WAS BROKEN. I remember the very moment I started to come to the end of myself.
I say “started” because the journey through the most sorrow-filled and spiritually dry season of my life began in this moment in 1994. Yet, somehow, I was able to drag my exhausted mind, body, and spirit along for the next eight years.
On that night, I stood at the bedside of my mother—my earthly security—watching her writhe in restraints on the top floor of a mental institution where my brother, five sisters, and I had forcibly committed her for observation after months of erratic behavior. In my heart of hearts, I knew it was Alzheimer’s, but I breathlessly waited for the confirmation that would change everything. On that night, between moments of paranoia and lucidity, she bounced between demanding “How could you do this to me?” to compassionately comforting her sobbing children with assurances, “Please don’t cry. Everything is going to be okay.”
Even though I met Jesus at 5 years old, and despite receiving the baptism in the Holy Spirit at the age of 10, my mother’s incremental disappearance chipped and chiseled my Pentecostal faith into a splintered semblance of Christian service. I was going to be a new version of me, a broken me, for the next eight years.
For about two years, I was a wife, a mother, and a minister on autopilot. I remember sometimes coming to myself when I was driving, not even remembering how I got from point A to point B. Finally, I came to a place of resignation with my situation. But, for the next six years, I struggled silently with the insecurity of the degrading and debilitating death of my mother’s charm and togetherness, her wisdom, and the spiritual strength that led countless children to Jesus over decades of teaching second graders in Sunday school.
In the dark, secret places of my heart, I was silently demanding, Lord, how could You do this to someone who committed everything to You? She doesn’t even know who You are now.
After moving to the desert in a new ministry role, instead of waking to the usual anxiety, one morning I awoke to the most vivid revelation on the ceiling of the pitch-black bedroom. In bright white letters, I saw it: INSECURITY.
I remember blinking my eyes wondering if I was asleep or awake, but my eyes were open, and God was trying to transform something inside of me that night. Suddenly, I heard His voice asking me a question: “Do you want to walk in this [insecurity]?” As I looked at the large block letters illuminated on the dark ceiling, I felt my spirit responding, “No!”
Then the Lord gently asked, “Or do you want to walk in this?”
I blinked, and the word that shined back at me had instantly changed to a more powerful authority in my life. For it now read IN SECURITY.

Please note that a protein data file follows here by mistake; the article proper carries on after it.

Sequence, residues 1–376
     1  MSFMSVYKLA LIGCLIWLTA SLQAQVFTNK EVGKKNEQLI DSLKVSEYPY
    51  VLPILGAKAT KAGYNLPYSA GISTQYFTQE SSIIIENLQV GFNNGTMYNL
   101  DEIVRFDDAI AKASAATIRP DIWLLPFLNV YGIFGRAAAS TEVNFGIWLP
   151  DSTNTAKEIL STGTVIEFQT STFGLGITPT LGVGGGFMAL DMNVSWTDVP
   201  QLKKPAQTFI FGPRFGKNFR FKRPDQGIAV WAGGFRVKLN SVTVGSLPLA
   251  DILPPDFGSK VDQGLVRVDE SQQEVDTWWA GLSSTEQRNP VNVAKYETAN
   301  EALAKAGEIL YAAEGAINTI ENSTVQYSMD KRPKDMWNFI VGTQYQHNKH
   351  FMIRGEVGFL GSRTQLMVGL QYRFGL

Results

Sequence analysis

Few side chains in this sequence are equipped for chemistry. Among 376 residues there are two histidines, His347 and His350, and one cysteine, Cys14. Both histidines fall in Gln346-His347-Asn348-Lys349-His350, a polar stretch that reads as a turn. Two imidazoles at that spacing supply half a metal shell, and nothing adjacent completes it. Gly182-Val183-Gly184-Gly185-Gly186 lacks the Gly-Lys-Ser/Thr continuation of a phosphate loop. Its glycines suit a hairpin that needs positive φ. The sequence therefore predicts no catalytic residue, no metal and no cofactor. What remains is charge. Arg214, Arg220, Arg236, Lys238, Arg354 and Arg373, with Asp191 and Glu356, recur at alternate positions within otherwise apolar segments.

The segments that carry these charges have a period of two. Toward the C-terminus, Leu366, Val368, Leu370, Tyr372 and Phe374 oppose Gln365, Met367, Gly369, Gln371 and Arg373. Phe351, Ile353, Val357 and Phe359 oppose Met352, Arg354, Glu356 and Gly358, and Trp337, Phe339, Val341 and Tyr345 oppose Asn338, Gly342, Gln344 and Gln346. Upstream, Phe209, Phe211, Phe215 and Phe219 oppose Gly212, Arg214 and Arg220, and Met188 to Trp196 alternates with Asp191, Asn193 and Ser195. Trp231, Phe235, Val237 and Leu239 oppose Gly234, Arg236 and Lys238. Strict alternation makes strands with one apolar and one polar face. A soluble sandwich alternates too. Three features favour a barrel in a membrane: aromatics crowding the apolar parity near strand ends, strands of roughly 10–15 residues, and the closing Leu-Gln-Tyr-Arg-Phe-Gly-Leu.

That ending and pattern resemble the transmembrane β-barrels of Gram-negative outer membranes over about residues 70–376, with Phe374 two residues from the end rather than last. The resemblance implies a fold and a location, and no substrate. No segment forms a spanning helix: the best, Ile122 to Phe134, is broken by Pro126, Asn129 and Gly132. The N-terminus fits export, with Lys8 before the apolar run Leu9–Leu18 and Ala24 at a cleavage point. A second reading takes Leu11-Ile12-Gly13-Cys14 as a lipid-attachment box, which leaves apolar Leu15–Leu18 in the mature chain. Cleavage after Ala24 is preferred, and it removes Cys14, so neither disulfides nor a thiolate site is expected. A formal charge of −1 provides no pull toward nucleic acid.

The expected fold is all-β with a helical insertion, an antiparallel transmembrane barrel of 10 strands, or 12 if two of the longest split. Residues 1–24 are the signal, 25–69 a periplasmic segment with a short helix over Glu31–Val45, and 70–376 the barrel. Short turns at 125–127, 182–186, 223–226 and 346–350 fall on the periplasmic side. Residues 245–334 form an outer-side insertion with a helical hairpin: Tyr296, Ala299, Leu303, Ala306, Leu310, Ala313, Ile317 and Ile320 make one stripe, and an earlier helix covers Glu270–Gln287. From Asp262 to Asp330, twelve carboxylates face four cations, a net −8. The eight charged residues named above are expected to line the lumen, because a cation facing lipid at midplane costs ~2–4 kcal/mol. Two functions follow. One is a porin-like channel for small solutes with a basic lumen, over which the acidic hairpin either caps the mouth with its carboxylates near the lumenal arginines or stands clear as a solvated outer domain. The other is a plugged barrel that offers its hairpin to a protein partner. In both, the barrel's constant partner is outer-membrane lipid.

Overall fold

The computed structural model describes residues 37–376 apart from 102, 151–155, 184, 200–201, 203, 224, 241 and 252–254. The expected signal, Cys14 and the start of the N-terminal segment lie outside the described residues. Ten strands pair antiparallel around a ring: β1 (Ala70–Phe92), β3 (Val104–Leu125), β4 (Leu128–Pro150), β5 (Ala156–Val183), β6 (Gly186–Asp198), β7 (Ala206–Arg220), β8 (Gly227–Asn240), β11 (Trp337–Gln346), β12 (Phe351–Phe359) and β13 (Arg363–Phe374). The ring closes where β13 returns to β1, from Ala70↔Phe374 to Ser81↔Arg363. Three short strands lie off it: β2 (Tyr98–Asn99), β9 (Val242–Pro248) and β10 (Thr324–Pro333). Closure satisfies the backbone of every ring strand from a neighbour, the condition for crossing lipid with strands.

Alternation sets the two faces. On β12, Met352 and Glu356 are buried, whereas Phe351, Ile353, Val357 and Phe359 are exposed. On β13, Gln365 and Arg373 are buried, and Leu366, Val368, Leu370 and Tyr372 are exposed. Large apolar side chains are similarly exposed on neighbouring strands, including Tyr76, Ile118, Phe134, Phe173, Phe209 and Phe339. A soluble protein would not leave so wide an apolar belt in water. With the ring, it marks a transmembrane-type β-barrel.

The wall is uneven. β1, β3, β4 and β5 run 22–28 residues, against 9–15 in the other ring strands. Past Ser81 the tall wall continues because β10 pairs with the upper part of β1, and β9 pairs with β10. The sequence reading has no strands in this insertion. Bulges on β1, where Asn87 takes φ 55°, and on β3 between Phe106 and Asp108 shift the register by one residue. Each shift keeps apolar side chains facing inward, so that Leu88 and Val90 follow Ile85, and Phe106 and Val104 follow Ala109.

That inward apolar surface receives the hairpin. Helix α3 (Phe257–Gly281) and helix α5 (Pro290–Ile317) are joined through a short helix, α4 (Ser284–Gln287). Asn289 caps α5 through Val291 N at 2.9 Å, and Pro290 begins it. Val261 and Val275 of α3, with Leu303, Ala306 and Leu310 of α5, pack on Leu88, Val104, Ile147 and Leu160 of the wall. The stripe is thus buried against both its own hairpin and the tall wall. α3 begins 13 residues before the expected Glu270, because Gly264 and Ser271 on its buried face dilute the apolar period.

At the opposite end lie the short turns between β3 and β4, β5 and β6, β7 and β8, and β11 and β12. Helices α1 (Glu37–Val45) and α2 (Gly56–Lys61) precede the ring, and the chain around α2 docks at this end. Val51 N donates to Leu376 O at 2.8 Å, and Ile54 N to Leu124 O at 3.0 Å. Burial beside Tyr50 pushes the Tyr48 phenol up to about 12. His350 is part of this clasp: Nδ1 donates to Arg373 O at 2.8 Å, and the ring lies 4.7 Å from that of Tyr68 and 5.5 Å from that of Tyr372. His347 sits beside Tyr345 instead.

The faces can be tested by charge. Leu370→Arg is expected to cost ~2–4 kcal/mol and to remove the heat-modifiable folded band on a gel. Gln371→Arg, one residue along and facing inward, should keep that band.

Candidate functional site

With one strategic break, my identity changed. God was revealing to me that He wanted to break me just as He had broken that word.
My mind goes to Mary, the sister of Lazarus, in John 11. Her brother had died while Jesus delayed coming to their home. When Jesus finally arrived, Mary said to Him, “Lord, if You had been here, my brother would not have died” (v. 21 NKJV). She was broken by her brother’s death until Jesus went to his tomb and demanded, “Lazarus, come forth!” (v. 43).
Then came the next crucial moment in Mary’s story. She took an “an alabaster vial of very costly and precious perfume of pure nard; and she broke the vial and poured the perfume over His [Jesus’] head” (Mark 14:3 Amp). She destroyed what was all hers to spend it all on Jesus.
Flash forward in my life another three years. I sat on an airplane in emotional isolation. Another call had come for me to return home, potentially for the end. I was preoccupied with the moment I would walk into the nursing home—this time, I would be a total stranger. The insecurity and brokenness infiltrated my spirit once again, and I could feel the growing dismay.
At the end of the flight to Indiana, to an airport I typically did not use, I finally acknowledged the lady who had been sitting across the aisle from me the entire time. I asked if she was from Indiana. She said she was actually from a little town in Illinois which, coincidentally, was the same town where my mother lived in a nursing home.
“Wow!” I replied. “My mom is in a nursing home there, and I’m heading to see her.”
I was stunned when she replied, “You must be Cathy.”
I froze, and then listened with tears streaming down my face as she relayed she was my mother’s nurse and how my mom often thought she was me, calling out my name, reminding her “she” was loved. With immeasurable compassion for me, God had orchestrated my encounter with my mother’s nurse to remind me of my undeniable need to stay broken before Him because no matter what I might face when I got there, I would be secure despite the pain.
Where fear and brokenness once reigned, His faithfulness overcame. Steeped in the disillusionment of my faith struggle, I poured out my fears and my failures on the never-failing Faithful One.
When you find yourself walking in the broken places, pour out that brokenness on Jesus. Allow Him to release you from your own abilities and self-confidence. Be broken before Him, and you will walk IN SECURITY.